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We finally got some snow worthy of a photo.
We are about halfway through a winter storm alert. Six - twelve* predicted.
Whew. For a few weeks there I thought winter had forgotten us.
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I finished whatever it was I was working on when last we discussed knitting. (What was it? My mind is a blank. Luckily, I have a blog so I can go back and check. Theoretically.)
Cast on for the mittens for our teenage slave helper, Scotty.
A couple weeks ago Carole's Ten on Tuesday topic was Ten Mittens/Mitts I Want To Knit. Having only minimal interest in mittens -- I prefer leather gloves in order to have a better grip on the steering wheel -- I did not participate nor pay much attention to the others' blog posts. A few days later Scotty's mother replied to my email about what I could knit for him for Christmas: mittens! Carole's topic was suddenly relevant, and I carefully perused all those posts for conservative masculine mittens. Voila, Striped Mittens, courtesy of Woolyheaded Ruth! Scotty's jacket and hat are gray, so these should be right up his street.
All that double knitting I practiced last month made this stranded knitting super easy. It's the holding of two strands of yarn that to me is the challenge of stranded knitting. But I now have that down pat. Win!
* That would be inches. Fifteen to thirty for those of you metrically inclined.
Do I still knit? Why, yes, thanks for asking.
I finished a pair of socks a few weeks ago.
Yarn: Regia Galaxy Color, purchased at Camas Creek Yarn in Kalispell MT when we went to Glacier National Park a couple years ago. When I saw the yarn in the ball I thought it was going to make striped socks that would coordinate with my multicolor striped raglan. These will be fine even without the stripes. I alternated between the two balls to minimize pooling.
Pattern: Wendy's Generic Toe-Up Sock
Needles: US#0. Normally I do the foot on zeros and switch to US#1s when I get just past the ankle, but I forgot. They still fit.
I picked up the Tappan Zee sweater again; it has been quietly snoozing in its bag for a year. For those of you who care but don't remember it, it is a top-down cap sleeve sweater. I had reached the armholes and knit one front a couple inches past that. When I picked it up I discovered that actually, I had knit both fronts to the point where they were ready to be rejoined, so all I had to do was knit the back to that point, join all three parts, and knit away mindlessly until it is long enough or I run out of yarn. Yes, I am knitting as fast as possible in order to finish before the yarn runs out. Don't we all?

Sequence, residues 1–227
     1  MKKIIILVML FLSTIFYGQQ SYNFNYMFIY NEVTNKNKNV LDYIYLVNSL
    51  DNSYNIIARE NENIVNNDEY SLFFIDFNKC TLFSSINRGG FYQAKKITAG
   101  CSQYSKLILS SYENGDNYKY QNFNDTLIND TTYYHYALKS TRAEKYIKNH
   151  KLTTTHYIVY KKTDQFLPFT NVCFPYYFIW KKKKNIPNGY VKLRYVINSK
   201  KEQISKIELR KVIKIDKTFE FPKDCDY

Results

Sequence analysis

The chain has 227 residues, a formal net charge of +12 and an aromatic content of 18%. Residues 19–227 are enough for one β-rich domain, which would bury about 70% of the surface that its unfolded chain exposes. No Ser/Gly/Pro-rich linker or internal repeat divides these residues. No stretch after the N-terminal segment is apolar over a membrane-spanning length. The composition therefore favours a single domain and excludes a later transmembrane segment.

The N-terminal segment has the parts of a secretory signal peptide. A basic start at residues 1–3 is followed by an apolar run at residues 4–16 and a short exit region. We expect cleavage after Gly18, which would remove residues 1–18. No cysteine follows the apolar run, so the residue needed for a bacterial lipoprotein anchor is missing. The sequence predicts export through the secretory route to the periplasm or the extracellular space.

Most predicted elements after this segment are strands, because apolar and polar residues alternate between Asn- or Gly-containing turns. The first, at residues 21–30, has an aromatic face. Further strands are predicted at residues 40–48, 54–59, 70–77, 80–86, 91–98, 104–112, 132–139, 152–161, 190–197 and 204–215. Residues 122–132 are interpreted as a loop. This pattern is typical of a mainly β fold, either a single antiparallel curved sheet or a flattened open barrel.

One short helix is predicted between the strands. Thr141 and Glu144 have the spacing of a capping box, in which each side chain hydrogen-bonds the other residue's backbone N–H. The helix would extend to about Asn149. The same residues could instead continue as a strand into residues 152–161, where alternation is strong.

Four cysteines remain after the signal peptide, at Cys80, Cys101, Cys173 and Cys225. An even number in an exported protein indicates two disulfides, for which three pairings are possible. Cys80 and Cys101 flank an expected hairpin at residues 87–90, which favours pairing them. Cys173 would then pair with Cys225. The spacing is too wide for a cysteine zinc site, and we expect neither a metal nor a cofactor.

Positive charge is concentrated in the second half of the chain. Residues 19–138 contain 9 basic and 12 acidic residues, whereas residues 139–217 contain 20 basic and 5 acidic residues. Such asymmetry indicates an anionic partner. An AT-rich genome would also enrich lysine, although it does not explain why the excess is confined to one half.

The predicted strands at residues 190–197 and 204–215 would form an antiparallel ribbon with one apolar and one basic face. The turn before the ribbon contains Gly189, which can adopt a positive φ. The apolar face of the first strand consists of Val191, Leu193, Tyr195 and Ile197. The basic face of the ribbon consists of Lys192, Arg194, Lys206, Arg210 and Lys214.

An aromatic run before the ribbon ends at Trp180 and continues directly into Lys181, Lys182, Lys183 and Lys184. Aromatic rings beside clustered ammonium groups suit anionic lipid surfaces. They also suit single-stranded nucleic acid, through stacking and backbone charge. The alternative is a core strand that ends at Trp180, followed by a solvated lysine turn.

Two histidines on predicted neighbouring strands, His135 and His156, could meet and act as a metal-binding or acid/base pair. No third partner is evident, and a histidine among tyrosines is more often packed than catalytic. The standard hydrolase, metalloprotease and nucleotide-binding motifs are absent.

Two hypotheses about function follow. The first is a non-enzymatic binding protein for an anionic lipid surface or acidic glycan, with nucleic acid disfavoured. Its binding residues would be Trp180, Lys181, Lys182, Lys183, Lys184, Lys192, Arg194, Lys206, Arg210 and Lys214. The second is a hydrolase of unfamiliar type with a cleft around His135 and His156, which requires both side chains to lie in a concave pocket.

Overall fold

(no photo -- it doesn't look significantly different than in the posts linked above, just a bigger blob of knitting)
The Christmas knitting is progressing. A Windschief hat and neck gaiter (that's what cowls were called before they became The Trendy Thing) for our renter. I knit them almost entirely during the annual two-day tax conference last month, or, as I like to think of it, the annual two-day knitting retreat with CPE credit. Here they are posing with Bubbles on my soon-to-be history first generation Maytag washer, piece of crap that it is.
Pattern: Windschief by Stephen West. Delightful pattern to knit.
Yarn: Filatura Lanarota Pure Washable Merino, from Smiley's Yarn in New York. This stuff is surprisingly pleasant considering the El Cheapo price ($2.99 per 109 yd. skein(!)). Truly machine washable, not scratchy. It is a bit splitty because it is 8- or 10-ply and not tightly spun, but with blunt Addis I had few problems. Huh.
Needles: US#6 and #7.
A tuque for Smokey's partner at work. I had no plans to make this one, but last week I was complaining to Smokey that I would be riding in a car for hours in a couple days, and I had no small portable project on the needles. Really, I was complaining, not because I was looking for a project, but mostly just to make noise. However, he said that Peter, his partner on the adolescent psyche ward night shift, was intrigued by the tuque I had made a couple years ago. So I checked my stash and found I still had just enough of the yarn to make another one.
Oh, you wanted to see it as an actual hat rather than just a blob? Okay, here ya go:
Yarn: Phildar Pure Laine 3-1/2 (apparently discontinued), DK weight, colorway 'Corsair', 3+ skeins (350 - 400 yds.).
Needles: Addi Turbo US#6.
Pattern: I got the original pattern from Dale-Harriet in Madison but couldn't find it when I looked. So I winged it.